No, these voters probably didn’t see Parasite as having a dark ending. Rather, they see it as a movie that targets the bad guys while they stand on the side of the good guys. They root for the poor characters to be saved, to find a way out of their squalor. They sympathize with the man trapped in the basement lighting the stairs for his overlord.
There are op-eds out there right now saying that Parasite’s win is setting the stage for Bernie Sanders and the populist/socialist movement. Adam McKay, a high profile Berner, is adapting a version of Parasite for HBO. Oscar voters, SAG voters, and actors in general want to be on the good side.
But Parasite is a dark movie. Its ending is unquestionably tragic, as are the endings in Bong Joon Ho’s other films. His world view is hopelessness against an oppressive system. There is no way out of it except on an individual level, if you manage to escape it and free a genetically engineered baby pig or fight your way to the front of the train or explode in violence at a birthday party then go into hiding. None of these films end like Slumdog Millionaire does. This isn’t about what a good world we live in, but what a bad world we live in, controlled by people who do not have our best interests at heart — unless, of course, you live at the top, as many of these Oscar voters actually do, ironically enough.
And it’s probably even worse than that, when you factor in this country overall and what it does to the third world, what climate change will do to the poorest countries. Parasite is about all of that. So it was rather surreal to watch it feted with such pomp and circumstance. But isn’t that exactly WHY it resonated? Everyone feels guilty for how things have gone, especially those at the top, and if THIS movie represents them instead of 1917 or Once Upon a Time in Hollywood, then that is a big payoff.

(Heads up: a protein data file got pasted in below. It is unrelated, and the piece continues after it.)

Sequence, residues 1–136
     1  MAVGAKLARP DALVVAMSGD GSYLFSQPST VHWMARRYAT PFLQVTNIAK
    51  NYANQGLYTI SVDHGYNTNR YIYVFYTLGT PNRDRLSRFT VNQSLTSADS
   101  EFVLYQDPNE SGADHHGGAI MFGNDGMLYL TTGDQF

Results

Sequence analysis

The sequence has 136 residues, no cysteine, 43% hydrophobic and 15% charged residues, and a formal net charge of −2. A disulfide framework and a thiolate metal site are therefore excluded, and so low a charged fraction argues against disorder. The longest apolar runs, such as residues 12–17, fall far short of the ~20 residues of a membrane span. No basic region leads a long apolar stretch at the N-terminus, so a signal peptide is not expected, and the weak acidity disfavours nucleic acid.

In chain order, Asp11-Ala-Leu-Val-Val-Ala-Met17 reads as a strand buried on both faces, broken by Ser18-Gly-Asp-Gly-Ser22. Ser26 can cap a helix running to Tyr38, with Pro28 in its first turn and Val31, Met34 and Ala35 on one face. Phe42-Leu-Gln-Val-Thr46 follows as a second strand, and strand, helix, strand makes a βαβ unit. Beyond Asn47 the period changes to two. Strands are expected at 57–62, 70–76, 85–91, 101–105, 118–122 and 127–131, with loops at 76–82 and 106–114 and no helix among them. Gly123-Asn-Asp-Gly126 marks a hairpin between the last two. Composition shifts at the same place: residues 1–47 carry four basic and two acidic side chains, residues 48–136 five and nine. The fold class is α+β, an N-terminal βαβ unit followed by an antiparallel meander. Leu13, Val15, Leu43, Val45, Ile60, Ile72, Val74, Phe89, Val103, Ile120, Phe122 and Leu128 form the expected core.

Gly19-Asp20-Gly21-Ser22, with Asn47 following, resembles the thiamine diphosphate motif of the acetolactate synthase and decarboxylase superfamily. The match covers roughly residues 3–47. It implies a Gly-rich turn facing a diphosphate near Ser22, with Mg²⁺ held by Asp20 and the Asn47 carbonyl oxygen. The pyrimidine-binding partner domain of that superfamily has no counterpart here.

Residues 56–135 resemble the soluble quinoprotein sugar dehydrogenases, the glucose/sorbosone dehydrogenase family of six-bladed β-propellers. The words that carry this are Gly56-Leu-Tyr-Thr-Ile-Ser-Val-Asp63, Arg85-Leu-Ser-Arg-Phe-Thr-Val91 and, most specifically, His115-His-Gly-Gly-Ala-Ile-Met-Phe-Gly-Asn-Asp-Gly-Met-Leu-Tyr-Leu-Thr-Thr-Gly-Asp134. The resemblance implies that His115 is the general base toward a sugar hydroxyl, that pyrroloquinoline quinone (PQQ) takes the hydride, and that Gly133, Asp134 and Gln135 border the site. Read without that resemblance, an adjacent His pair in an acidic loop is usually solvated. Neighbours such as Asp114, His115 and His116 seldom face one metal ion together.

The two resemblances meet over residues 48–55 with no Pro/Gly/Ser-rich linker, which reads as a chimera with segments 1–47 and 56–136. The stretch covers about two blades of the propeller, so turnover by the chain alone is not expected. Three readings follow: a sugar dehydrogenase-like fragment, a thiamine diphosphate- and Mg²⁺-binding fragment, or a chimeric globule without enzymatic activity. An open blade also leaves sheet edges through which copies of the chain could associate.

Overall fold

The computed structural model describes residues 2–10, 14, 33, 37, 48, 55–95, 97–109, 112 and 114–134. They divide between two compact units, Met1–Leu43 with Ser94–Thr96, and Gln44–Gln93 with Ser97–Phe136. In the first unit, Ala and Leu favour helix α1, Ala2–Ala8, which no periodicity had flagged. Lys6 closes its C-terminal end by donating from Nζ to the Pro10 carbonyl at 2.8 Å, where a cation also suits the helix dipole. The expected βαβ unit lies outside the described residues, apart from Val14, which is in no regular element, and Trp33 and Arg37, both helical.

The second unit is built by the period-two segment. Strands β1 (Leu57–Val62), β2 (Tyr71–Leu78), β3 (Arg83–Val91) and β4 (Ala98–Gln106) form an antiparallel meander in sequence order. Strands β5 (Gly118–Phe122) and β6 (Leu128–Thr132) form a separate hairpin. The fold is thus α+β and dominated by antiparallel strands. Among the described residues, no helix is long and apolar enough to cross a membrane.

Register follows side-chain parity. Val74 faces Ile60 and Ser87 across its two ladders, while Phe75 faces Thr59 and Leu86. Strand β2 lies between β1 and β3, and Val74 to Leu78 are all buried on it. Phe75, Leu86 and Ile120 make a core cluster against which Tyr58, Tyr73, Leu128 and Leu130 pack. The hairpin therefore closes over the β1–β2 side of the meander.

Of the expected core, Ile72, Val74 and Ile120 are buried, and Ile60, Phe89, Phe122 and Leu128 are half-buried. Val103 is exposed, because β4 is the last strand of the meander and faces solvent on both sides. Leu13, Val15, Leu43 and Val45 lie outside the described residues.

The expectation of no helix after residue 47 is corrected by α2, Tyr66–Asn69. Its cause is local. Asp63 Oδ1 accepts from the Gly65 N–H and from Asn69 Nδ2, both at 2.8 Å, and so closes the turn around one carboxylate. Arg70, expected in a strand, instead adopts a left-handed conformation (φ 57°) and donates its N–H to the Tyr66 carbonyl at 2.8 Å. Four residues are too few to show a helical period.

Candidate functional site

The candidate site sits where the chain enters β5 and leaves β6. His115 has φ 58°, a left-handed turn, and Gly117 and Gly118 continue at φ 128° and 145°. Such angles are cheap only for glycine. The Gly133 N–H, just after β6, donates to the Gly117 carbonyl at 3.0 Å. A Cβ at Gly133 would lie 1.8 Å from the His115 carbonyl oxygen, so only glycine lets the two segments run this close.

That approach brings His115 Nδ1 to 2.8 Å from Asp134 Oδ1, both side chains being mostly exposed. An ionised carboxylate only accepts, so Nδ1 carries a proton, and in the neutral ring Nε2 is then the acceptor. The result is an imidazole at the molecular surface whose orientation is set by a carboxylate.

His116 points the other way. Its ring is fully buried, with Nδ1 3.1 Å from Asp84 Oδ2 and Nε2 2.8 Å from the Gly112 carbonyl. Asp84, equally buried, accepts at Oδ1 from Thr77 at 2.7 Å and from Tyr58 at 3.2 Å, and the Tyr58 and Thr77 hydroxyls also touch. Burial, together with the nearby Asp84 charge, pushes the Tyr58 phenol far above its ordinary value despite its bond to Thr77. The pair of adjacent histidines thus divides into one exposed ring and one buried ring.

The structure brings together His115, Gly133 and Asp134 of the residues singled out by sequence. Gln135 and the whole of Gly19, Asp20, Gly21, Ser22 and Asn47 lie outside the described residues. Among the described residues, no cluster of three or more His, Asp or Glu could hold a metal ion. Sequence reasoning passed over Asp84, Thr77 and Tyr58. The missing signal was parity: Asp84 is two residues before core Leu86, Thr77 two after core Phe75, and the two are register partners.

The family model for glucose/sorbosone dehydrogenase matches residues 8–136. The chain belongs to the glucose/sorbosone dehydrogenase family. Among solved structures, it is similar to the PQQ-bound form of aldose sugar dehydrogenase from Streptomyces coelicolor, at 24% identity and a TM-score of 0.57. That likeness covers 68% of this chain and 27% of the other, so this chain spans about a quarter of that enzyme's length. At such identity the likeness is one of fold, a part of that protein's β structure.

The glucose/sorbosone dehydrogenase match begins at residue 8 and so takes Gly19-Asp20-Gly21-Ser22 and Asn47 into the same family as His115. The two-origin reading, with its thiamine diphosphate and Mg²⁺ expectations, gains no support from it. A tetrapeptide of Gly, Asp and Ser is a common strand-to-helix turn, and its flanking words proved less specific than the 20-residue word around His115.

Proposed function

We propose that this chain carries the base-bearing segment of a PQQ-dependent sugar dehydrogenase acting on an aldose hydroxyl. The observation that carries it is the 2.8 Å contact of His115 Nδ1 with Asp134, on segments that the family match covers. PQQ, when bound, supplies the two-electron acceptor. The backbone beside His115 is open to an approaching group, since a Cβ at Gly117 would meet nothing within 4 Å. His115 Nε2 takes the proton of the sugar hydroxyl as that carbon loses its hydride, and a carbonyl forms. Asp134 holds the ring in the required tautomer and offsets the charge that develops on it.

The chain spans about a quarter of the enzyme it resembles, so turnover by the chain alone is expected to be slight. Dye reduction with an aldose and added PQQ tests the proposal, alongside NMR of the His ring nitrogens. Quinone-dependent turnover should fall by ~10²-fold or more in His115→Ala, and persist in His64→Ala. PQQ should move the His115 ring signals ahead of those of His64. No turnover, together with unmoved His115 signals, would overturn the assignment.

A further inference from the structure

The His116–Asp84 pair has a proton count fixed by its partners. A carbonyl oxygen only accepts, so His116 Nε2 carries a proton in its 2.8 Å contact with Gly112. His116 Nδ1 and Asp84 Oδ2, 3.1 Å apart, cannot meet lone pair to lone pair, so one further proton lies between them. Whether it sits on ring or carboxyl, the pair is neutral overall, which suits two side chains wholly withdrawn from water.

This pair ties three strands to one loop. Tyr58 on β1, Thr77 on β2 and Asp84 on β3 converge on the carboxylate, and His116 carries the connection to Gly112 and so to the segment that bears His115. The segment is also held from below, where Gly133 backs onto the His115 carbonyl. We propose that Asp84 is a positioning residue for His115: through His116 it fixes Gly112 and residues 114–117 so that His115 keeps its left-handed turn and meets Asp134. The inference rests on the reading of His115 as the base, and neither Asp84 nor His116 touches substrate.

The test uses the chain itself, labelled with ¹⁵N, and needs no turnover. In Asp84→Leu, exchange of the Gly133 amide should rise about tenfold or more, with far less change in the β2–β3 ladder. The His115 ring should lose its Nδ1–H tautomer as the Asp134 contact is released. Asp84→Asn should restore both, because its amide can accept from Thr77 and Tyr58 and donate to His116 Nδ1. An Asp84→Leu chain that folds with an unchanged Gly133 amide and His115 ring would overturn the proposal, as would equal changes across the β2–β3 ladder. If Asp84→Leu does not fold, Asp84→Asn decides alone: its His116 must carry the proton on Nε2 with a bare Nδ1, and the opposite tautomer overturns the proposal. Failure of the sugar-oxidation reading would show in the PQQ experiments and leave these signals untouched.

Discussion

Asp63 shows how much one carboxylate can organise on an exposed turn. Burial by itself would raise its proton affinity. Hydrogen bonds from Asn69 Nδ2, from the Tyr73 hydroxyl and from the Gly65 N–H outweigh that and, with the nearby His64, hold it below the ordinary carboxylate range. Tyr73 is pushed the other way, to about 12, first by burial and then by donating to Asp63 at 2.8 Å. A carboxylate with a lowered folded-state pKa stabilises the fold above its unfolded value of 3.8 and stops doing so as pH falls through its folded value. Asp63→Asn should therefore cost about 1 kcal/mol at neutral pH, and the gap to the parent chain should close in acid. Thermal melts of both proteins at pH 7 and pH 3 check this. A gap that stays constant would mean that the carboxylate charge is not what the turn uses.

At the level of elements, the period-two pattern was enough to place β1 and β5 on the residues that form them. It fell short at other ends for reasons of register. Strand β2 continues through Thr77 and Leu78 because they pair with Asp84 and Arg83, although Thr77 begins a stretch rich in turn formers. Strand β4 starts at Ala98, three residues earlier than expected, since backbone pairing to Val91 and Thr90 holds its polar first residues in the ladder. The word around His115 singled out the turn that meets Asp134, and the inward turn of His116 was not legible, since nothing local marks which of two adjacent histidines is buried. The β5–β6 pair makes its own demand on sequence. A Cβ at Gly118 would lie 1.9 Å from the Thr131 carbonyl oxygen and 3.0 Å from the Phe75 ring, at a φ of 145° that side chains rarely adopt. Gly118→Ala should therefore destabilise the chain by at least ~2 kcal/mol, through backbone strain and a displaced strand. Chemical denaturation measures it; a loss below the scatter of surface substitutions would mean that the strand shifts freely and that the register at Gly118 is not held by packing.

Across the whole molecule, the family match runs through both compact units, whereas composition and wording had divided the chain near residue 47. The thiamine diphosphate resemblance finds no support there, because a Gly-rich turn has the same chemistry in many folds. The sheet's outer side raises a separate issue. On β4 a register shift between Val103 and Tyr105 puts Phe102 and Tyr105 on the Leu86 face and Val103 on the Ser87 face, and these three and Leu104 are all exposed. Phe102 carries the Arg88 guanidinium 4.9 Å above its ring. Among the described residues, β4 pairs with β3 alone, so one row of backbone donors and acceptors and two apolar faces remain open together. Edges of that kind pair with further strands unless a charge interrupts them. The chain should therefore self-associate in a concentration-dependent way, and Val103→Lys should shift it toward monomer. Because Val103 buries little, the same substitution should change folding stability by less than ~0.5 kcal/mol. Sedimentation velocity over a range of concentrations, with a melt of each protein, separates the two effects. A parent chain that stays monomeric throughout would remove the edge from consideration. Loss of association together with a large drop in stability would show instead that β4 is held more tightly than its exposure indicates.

But what if Parasite’s dominance signals the beginning of a new wave of dark-themed films? Readers of this site will know that we’ve been mildly obsessed with this idea going all the way back to the beginning. Usually the film that is darker or more honest doesn’t win. Ambiguity doesn’t win. There have been many of these films, from The Social Network to Wolf of Wall Street to Get Out. They get nominated. They don’t win Best Picture.
Except for when they do. It’s most astonishing that three pitch-dark films won Best Picture in the past 20 years: The Departed, No Country for Old Men, and The Hurt Locker, with Slumdog Millionaire skirting the edge of darkness but finding light at the end. What likely drove these wins, other than their directors being overdue (which can’t be underestimated), was the backdrop of the George W. Bush presidency, the wars in the Middle East, and the 2008 economic collapse.